Daniel Gill, Merrill, Thomas A. | 4/19/2005 10:28:52 PM
By Dan Gill
LSU AgCenter Horticulturist
The tall flower spikes of gladiolus add elegance to the flower garden. Derived from species native to South Africa, the modern hybrid gladiolus (Gladiolus x hortulanus) grows from a corm and has been a favorite of Southern gardeners for generations.
We often call them "glads," but an old name for gladiolus is sword lily, which refers to its sword-shaped leaves (like the term gladiator, gladiolus is derived from the Latin word for sword).
At any rate, they are easy to grow and produce beautiful flowers in nearly every color of the rainbow. And the corms are relatively inexpensive to buy.
Select and plant gladiolus corms now through March. (You can begin to plant gladiolus corms into the garden as early as late January.). The foliage of glads will withstand late frosts. Since glads grow and bloom best at moderate temperatures, those planted during this period will bloom in April and May.
I have found from experience that planting corms after March often leads to disappointment.
Although corms planted later will grow and bloom, the intense heat of mid-summer around here weakens the plants. In addition, high populations of thrips insects that have built up by then are devastating to the flowers, and spider mites attack the foliage.
By planting glads early, they escape summer heat and pest problems during their flowering period.
As with most plants that are grown from bulbs (the term "bulb" generally is used by gardeners to refer to any fleshy underground structure including corms, tubers, bulbs, rhizomes and tuberous roots), purchasing larger, high-quality corms will produce the best results.
Look for jumbo size gladiolus corms for the best flowers. Large No. 1 and No. 2 size corms also will put on a good show.
Just keep in mind that the older cultivars and species of glads often have naturally smaller corms than modern hybrids.
I think gladioluses look best when they are planted in clumps or groups of five, 10 or more among other flowers or shrubs. With their strongly vertical growth habit, they act like exclamation points in the garden and create contrast and interest in the middle or back of mixed borders and flowerbeds.
If you want to plant them in a row, plant the corms in a zigzag double row for a fuller effect. A single row generally produces a weak, wimpy appearance, particularly if the flower spikes start to lean in various directions.
With so many colors to choose from, don’t make the mistake of planting one of each in your garden. A better effect can be achieved by choosing two or three harmonious or attractively contrasting colors and planting them together in small clumps of single colors.
Well-drained soil and a sunny location are essential for growing glads. Prepare the area for planting by digging in a 2-inch to 3-inch layer of organic matter and a light sprinkling of a general-purpose fertilizer. Thoroughly incorporate those materials into the area, and you’re ready to plant.
Plant jumbo corms about 5 inches deep, medium-sized corms 4 inches deep and small corms 3 inches deep. Leave about 4 inches to 5 inches between corms. Cover the corms with soil, mulch to prevent weeds and water generously.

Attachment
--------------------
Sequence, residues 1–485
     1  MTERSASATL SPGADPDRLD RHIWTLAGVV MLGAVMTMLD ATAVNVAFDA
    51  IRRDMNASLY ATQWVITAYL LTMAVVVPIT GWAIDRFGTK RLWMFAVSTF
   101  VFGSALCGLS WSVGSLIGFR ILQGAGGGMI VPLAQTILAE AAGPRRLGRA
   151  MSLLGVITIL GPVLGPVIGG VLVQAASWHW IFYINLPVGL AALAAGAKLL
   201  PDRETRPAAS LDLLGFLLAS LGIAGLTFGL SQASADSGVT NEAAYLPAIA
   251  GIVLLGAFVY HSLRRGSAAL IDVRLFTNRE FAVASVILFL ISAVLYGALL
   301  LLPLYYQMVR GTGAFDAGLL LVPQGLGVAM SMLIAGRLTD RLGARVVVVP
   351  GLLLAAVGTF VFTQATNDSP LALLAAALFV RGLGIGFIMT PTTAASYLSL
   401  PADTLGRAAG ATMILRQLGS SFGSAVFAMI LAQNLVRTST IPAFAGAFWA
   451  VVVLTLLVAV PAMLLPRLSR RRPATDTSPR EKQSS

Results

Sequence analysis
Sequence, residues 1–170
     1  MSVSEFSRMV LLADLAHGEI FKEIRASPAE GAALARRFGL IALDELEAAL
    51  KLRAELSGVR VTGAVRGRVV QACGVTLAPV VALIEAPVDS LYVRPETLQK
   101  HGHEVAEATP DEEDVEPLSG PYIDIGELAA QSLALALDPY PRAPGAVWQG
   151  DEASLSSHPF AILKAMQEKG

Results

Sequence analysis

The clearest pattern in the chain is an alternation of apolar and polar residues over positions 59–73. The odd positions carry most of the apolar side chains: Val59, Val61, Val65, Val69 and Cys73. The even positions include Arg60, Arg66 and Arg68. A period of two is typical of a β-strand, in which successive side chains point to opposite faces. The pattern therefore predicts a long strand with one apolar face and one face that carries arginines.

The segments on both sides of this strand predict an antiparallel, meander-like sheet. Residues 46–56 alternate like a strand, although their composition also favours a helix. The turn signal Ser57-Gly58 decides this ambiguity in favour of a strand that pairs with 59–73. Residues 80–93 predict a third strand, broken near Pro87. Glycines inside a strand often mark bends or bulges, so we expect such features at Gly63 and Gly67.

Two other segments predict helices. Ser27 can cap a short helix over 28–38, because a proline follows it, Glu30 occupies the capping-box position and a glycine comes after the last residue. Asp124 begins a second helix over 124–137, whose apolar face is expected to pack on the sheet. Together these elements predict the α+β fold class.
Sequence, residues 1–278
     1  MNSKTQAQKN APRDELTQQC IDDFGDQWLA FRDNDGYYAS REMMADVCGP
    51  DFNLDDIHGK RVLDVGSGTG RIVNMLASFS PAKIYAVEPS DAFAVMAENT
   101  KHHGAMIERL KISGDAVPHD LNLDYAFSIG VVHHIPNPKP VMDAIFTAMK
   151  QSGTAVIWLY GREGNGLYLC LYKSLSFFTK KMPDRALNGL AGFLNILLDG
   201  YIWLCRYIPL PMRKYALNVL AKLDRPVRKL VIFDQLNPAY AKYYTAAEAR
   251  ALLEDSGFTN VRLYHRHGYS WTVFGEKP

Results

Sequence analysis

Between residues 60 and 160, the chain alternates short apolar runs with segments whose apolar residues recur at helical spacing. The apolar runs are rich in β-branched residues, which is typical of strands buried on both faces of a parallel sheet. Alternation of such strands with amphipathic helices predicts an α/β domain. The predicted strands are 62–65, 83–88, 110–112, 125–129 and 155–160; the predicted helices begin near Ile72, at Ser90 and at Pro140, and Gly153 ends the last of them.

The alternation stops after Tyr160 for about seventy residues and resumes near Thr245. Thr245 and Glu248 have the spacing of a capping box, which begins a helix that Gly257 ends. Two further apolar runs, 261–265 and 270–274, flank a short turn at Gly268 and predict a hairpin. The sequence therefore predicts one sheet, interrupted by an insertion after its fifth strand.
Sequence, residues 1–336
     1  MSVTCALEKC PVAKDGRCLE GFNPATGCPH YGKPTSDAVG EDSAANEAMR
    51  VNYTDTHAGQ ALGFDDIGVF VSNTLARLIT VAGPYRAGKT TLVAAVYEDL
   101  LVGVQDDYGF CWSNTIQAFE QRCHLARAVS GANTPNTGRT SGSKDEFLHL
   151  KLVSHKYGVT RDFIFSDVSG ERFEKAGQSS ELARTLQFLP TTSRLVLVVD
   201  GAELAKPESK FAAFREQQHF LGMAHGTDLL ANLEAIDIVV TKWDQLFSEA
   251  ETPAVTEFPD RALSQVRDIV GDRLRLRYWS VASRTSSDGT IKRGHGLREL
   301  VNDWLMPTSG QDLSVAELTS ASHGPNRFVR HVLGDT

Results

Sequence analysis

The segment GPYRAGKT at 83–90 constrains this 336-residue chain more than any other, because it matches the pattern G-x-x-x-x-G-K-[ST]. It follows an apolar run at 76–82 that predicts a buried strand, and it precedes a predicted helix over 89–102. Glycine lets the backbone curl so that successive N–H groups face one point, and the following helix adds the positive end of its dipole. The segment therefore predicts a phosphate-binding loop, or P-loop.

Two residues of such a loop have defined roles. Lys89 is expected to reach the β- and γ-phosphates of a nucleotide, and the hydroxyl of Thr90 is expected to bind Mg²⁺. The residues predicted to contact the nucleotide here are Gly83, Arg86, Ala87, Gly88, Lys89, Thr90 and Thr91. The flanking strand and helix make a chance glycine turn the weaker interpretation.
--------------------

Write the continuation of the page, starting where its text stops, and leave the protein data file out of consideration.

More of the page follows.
The deeper planting of the jumbo corms will help reduce the need for staking them later on. But to provide extra support for the tall varieties, mound soil around the plant bases as they grow.
When the flower stalks gain height, staking still may be necessary to prevent the plants from leaning over. For a more natural look, use green-colored bamboo stakes placed out of view behind the stems and tie them to the plants in two places using green twine.
Each gladiolus corm produces one large flower spike that blooms for about a week. To extend the flowering period, plant a batch of corms every two weeks from now until mid-March. This will ensure a succession of blooms during late spring and early summer.
Glads make outstanding cut flowers, so you may want to plant some extra corms in your cutting garden, if you have one – or in your vegetable garden or some out of the way bed – for cutting. When cutting the flowers, at least four or five leaves should be left on the plant to produce a new corm capable of blooming the next year.
Hybrid gladioli are hardy here and may be left in the ground over winter. But you may find they deteriorate and cease to bloom without annual lifting of the bulbs and replanting in fresh, prepared soil.
To avoid that problem, in the late summer when the foliage turns brown, dig the corms, break off the brown leaves and the previous season’s withered corm and store the corms in a dry, frost-free location to plant next year.
If you’re an energy-conserving (read that lazy) gardener, like me, you may choose to leave the corms in the ground and see how well they return.
Some gladiolus, particularly the older cultivars, will return for years without digging and storing. The Byzantine gladiolus (Gladiolus byzantinus), also called corn lily, and the parrot gladiolus or Natal lily (Gladiolus natalensis, formerly known as G. psittacinus) are excellent, long-lived species for Louisiana gardeners. Although not easy to find, the corms generally are available from mail order companies that specialize in bulbs – if you can’t find them locally.
Get It Growing is a weekly feature on home lawn and garden topics prepared by experts in the LSU AgCenter. For more information on such topics, contact your parish LSU AgCenter Extension office or visit our Web site at www.lsuagcenter.com. A wide range of publications and a variety of other resources are available.